With businesses becoming more and more reliant on their email systems it would seem obvious that resilient business email systems are a necessity, not a ‘nice-to-have’.

Email outages are costly, and not just for the obvious reasons. Yes, there will be a loss of productivity whenever a mail server goes down, perhaps £50 per day per employee for each occurrence.

But there are greater, hidden costs. There is missed opportunity, damage to reputation and customer relations and a security threat when users who can’t use their corporate mail system start sending corporate emails via Hotmail and Yahoo.

Then there is the business continuity issue. What happens when a site goes down or staff can’t get in to run the systems? In this case even a secondary on-site system may be vulnerable.

Unfortunately, with the increasing demands users are placing on mail systems many IT departments are struggling just to keep a primary system operational. Providing on-site resilience is expensive and time consuming so many companies still use the tried and tested ‘crossed fingers’ method of keeping the mail system running.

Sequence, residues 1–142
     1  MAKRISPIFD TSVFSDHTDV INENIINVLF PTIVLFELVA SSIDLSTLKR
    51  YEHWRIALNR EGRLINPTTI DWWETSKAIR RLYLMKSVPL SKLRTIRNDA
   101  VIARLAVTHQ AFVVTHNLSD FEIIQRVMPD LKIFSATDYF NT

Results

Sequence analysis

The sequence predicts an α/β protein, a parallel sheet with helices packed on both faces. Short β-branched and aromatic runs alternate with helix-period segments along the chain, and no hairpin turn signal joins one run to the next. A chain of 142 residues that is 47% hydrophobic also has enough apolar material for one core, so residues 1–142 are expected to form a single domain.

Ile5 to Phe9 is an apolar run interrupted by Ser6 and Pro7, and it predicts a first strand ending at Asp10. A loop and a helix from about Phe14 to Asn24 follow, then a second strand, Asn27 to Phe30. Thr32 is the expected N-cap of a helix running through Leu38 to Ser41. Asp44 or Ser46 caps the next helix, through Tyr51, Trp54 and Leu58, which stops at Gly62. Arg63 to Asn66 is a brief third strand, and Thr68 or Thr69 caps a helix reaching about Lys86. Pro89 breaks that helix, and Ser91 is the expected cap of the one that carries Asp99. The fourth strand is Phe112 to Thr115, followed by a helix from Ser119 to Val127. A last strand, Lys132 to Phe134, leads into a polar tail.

Thankfully there are alternatives. One is to outsource the mail service in its entirety to a third party service provider that offers a resilient, SLA backed service. For an increasing number this option is proving irresistible. They not only benefit from a resilient email service but can also free-up resources to focus on strategic initiatives that help drive the business forwards rather than traditional lights-on needs.

For some this is, for now, a step too far. They want to maintain control of the day to day operation of the mail system. In this case an email continuity service could be a great option.

Cloud-based continuity services ‘layer over’ existing email systems, continually checking their availability and stepping-in in the event of an outage. Users know of the switch, but can still perform all their usual email-related activities from their usual mail client or web browser.

So now there really is no excuse – email can and should be “always on”. So uncross your fingers, check out the best service providers and stop having sleepless nights worrying about the next mail server crash.